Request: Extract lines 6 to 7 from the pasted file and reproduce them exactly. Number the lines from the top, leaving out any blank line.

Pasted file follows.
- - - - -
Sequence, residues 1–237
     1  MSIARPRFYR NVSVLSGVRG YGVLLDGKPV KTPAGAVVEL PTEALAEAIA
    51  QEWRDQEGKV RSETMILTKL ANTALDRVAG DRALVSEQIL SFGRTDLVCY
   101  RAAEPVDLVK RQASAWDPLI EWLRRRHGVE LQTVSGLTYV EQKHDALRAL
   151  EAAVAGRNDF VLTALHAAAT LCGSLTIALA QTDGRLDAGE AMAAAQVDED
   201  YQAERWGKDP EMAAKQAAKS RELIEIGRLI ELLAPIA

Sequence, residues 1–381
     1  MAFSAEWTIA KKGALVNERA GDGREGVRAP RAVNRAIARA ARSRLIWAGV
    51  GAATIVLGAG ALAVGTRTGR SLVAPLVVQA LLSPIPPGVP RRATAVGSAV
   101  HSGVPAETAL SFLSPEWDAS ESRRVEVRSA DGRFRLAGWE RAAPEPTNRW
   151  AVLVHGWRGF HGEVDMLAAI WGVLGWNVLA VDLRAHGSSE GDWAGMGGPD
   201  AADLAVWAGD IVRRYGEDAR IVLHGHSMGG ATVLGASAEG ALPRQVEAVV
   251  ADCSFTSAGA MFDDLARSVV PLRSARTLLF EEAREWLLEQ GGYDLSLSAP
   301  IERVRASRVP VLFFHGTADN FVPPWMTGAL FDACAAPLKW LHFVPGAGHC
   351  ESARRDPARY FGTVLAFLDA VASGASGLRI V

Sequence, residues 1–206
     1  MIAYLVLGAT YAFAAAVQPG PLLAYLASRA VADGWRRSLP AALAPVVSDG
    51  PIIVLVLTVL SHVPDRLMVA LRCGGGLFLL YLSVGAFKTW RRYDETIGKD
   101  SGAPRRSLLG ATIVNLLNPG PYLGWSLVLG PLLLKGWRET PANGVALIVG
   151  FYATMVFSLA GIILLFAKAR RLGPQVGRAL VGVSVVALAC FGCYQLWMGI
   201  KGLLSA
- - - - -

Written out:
   201  YQAERWGKDP EMAAKQAAKS RELIEIGRLI ELLAPIA

Sequence, residues 1–381